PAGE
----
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Nitric Oxide Induction of Parkin Translocation in PTEN-induced Putative Kinase 1 (PINK1) Deficiency FUNCTIONAL ROLE OF NEURONAL NITRIC OXIDE SYNTHASE DURING MITOPHAGY

Title
Nitric Oxide Induction of Parkin Translocation in PTEN-induced Putative Kinase 1 (PINK1) Deficiency FUNCTIONAL ROLE OF NEURONAL NITRIC OXIDE SYNTHASE DURING MITOPHAGY
Authors
Han, Ji-YoungKang, Min-JiKim, Kyung-HeeHan, Pyung-LimKim, Hyun-SeokHa, Ji-YoungSon, Jin H.
Ewha Authors
한평림손형진김현석
SCOPUS Author ID
한평림scopus; 손형진scopus; 김현석scopus
Issue Date
2015
Journal Title
JOURNAL OF BIOLOGICAL CHEMISTRY
ISSN
0021-9258JCR Link1083-351XJCR Link
Citation
vol. 290, no. 16, pp. 10325 - 10335
Keywords
MitophagyNitric OxideParkinParkinson DiseasePTEN-induced Putative Kinase 1 (PINK1)nNOS
Publisher
AMER SOC BIOCHEMISTRY MOLECULAR BIOLOGY INC
Indexed
SCI; SCIE; SCOPUS WOS scopus
Abstract
The failure to trigger mitophagy is implicated in the pathogenesis of familial Parkinson disease that is caused by PINK1 or Parkin mutations. According to the prevailing PINK1-Parkin signaling model, mitophagy is promoted by the mitochondrial translocation of Parkin, an essential PINK1-dependent step that occurs via a previously unknown mechanism. Here we determined that critical concentrations of NO was sufficient to induce the mitochondrial translocation of Parkin even in PINK1 deficiency, with apparent increased interaction of full-length PINK1 accumulated during mitophagy, with neuronal nitric oxide synthase (nNOS). Specifically, optimum levels of NO enabled PINK1-null dopaminergic neuronal cells to regain the mitochondrial translocation of Parkin, which appeared to be significantly suppressed by nNOS-null mutation. Moreover, nNOS-null mutation resulted in the same mitochondrial electron transport chain (ETC) enzyme deficits as PINK1-null mutation. The involvement of mitochondrial nNOS activation in mitophagy was further confirmed by the greatly increased interactions of full-length PINK1 with nNOS, accompanied by mitochondrial accumulation of phospho-nNOS (Ser(1412)) during mitophagy. Of great interest is that the L347P PINK1 mutant failed to bind to nNOS. The loss of nNOS phosphorylation and Parkin accumulation on PINK1-deficient mitochondria could be reversed in a PINK1-dependent manner. Finally, non-toxic levels of NO treatment aided in the recovery of PINK1-null dopaminergic neuronal cells from mitochondrial ETC enzyme deficits. In summary, we demonstrated the full-length PINK1-dependent recruitment of nNOS, its activation in the induction of Parkin translocation, and the feasibility of NO-based pharmacotherapy for defective mitophagy and ETC enzyme deficits in Parkinson disease.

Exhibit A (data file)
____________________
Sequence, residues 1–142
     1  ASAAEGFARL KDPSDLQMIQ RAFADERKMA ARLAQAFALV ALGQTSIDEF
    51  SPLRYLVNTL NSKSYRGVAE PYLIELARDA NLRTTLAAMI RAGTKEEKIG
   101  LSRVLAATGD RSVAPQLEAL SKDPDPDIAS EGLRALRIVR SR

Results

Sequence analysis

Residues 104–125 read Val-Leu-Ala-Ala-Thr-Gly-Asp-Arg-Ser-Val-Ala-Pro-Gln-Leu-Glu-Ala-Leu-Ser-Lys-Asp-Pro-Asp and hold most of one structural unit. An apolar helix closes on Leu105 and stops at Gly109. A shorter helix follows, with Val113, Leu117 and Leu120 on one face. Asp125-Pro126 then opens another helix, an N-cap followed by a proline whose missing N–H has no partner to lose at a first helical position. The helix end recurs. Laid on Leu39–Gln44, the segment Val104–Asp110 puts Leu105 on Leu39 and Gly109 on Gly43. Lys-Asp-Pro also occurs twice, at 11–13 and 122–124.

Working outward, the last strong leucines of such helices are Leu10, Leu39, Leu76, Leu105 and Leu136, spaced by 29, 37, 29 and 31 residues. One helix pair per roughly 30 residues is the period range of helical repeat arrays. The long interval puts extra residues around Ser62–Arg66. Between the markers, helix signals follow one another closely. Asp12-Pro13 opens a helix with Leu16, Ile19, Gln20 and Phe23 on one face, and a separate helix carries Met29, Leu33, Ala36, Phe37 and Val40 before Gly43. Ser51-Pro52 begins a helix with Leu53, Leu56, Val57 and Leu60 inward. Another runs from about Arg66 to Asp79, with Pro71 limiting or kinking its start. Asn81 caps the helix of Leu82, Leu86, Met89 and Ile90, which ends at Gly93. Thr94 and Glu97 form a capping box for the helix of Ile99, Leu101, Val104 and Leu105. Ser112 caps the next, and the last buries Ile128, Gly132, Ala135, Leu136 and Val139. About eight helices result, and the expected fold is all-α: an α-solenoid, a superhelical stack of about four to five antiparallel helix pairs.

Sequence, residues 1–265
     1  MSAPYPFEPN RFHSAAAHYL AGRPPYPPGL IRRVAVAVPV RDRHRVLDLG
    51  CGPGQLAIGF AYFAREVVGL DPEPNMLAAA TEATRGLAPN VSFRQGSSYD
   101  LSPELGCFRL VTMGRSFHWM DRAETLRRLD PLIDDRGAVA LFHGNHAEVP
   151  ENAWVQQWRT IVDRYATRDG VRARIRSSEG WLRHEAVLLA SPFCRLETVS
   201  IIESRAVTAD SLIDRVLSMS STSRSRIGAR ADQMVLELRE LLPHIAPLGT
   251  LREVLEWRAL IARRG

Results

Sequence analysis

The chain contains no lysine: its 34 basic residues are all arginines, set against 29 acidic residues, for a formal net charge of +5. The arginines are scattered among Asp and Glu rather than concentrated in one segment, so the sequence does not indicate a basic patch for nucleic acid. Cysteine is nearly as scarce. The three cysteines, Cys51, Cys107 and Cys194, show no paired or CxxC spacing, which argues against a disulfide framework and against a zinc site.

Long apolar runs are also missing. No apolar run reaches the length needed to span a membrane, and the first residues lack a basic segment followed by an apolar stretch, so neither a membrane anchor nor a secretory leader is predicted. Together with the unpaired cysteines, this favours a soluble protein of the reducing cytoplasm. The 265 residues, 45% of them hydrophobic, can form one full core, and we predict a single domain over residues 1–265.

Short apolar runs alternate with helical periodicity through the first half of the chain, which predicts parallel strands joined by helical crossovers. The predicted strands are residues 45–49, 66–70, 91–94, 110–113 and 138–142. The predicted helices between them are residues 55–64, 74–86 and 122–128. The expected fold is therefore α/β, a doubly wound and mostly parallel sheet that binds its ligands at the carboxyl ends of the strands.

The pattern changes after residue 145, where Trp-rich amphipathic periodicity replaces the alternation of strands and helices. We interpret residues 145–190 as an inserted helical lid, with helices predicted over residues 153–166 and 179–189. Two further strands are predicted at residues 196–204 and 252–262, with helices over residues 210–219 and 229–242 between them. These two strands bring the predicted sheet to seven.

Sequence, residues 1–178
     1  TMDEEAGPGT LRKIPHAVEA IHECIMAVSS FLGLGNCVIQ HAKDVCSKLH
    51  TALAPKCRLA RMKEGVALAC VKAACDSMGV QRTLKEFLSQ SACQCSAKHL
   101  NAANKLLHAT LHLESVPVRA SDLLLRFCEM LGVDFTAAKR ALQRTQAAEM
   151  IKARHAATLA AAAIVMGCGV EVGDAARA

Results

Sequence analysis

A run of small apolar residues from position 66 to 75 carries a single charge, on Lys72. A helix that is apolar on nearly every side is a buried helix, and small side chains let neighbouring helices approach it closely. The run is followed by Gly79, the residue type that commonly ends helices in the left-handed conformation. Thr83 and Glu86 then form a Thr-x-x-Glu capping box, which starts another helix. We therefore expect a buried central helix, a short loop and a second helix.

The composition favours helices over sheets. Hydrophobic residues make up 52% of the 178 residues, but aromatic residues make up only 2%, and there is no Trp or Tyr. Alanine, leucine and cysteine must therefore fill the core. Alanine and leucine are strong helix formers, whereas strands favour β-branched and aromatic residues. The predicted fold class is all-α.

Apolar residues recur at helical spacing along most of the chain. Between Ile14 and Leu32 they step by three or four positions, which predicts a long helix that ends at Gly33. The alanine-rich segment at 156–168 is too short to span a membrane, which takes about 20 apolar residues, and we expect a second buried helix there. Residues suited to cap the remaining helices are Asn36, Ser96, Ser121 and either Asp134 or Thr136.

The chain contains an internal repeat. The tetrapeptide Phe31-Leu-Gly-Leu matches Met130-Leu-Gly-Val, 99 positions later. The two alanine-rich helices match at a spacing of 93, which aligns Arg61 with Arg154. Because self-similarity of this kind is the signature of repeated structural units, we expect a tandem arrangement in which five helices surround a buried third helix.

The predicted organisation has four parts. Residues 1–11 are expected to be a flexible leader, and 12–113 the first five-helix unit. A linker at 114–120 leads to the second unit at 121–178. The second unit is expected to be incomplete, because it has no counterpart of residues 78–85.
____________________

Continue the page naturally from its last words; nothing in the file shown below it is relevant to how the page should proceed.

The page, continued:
DOI
10.1074/jbc.M114.624767
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